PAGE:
Testing of a reliability variable

Des tests de dépistage d’une fiabilité variable

Photo: Renaud Philippe The Duty
The INSPQ is currently performing validation of multiple sets of serological tests. Some of these tests must be carried out in the laboratory, others are rapid tests.

The research for the development of tests to diagnose the COVID-19 was in full effervescence these last few months. It has resulted in the design of hundreds of different tests around the world, some of which are used in Quebec. These tests are distinguished primarily by their reliability and by their speed to make a profit.

The PCR test (polymerase chain reaction), which is to detect the genetic material of the virus, namely SARS-CoV-2, in samples collected in the pharynx with swabs is today still the reference standard test was the most reliable and the most used in Quebec.

Most public health laboratories and academics of the world have adopted one of the recipes developed by european laboratories and have adapted it to their own needs. This was the case of the public health Laboratory of Quebec (LSPQ), which, at the beginning of the epidemic, performed all the testing of the COVID-19.

Then, several hospitals in Quebec have been equipped with PCR tests commercial developed by private companies, but which have been thoroughly evaluated by the LSPQ, which has helped to increase the volume of tests performed.

“The PCR tests used by the world to screen the COVID-19 are not of sufficient sensitivity to be perfect. Nearly 20 % of people who have undergone this test and received a negative result however, have developed the COVID-19. Usually, when the doctor suspects that his patient is infected, it will repeat the test, ” says Dr. Matthew Oughton, infectious diseases physician and microbiologist at the jewish general Hospital.

“These false negatives can be due to the fact that the test was taken too early while the virus has not had time to replicate enough. They can also be attributed to the fact that taxes have not been adequately performed. A good sampling is to get a sample of it in the pharynx through the nose or through the mouth and the back of the throat. If the buffer is not pressed in deep enough or if it is not left long enough at the collection site, the sample collected may not be of good quality and not to reveal the presence of a virus, even if they are present, ” he explains.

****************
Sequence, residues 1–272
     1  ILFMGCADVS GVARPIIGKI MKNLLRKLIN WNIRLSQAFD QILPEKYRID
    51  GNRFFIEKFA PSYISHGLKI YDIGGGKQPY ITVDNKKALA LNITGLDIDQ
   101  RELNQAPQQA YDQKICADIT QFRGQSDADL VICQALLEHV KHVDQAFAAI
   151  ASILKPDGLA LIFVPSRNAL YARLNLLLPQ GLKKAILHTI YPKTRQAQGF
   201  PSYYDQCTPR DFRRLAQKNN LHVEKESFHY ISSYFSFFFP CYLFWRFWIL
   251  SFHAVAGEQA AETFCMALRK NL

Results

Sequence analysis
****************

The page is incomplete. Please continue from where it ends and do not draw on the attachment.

At certain times of the epidemic, the shortage of some components of these PCR tests performed in the laboratory has led to delays in obtaining the results which are normally disclosed within 24 hours after collection.

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Rapid Tests

However, rapid tests made on-site or in different places, such as a pharmacy or a clinic, outside of the laboratory, have also made their appearance. “These PCR tests produce results more quickly and is technically more simple than the laboratory tests which require the expertise of laboratory technicians well trained. But their greater simplicity and speed have a price. These tests are often very expensive. Generally, they are equivalent, and in some cases, they are even higher than the lab tests. They may even be more sensitive, and therefore able to detect lower amounts of virus in a sample, ” says Dr Oughton.

The canadian company Spartan has developed a PCR test for rapid which it had received a conditional approval at its validation, which failed however. It is a small device into which it is introduced the levy, and which makes the verdict in half an hour, says the microbiologist-infectiologist Judith Fafard, a medical consultant to the Institut national de santé publique du Québec (INSPQ).

There are also antigenic testing rapid detect in a sample of saliva, pieces of the virus itself. Very simple, these tests are like a pregnancy test. But for the moment, they are not very sensitive and for this reason, none has yet been approved in Canada.

Some private clinics in Quebec offer to a serological test to diagnose the COVID-19. This test aims to detect antibodies against the SARS-CoV-2 in a sample of blood. “These tests are presented as enabling a rapid diagnosis, but this is to forget that when a person is infected, it takes a few days before her body produces antibodies and that they can be detected. If this test is done during the first week of infection, it is very likely that the test will prove negative, ” says Dr. Fafard.

More to come

The INSPQ is currently performing validation of multiple sets of serological tests, some of these tests must be carried out in the laboratory, others are rapid tests. “To do this, it was necessary to look in freezers of hospitals in the sera of patients who suffered from other respiratory diseases, but who have never had the COVID-19 to verify that the tests weren’t reacting with the antibodies generated by other respiratory diseases, such as infections caused by coronavirus and common. Audits are also carried out on sera from patients who had the COVID-19 to ensure that the tests can detect this infection, ” explains Dr. Fafard.

“These serologic tests tell us if the person has been infected. But is that the presence of antibodies protects that person against the acquisition of a new infection ? We don’t know yet “, she says.

“These tests are still very popular to diagnose infection retrospectively, and to estimate the proportion of the population that has been infected by the virus,” says Dr Oughton.

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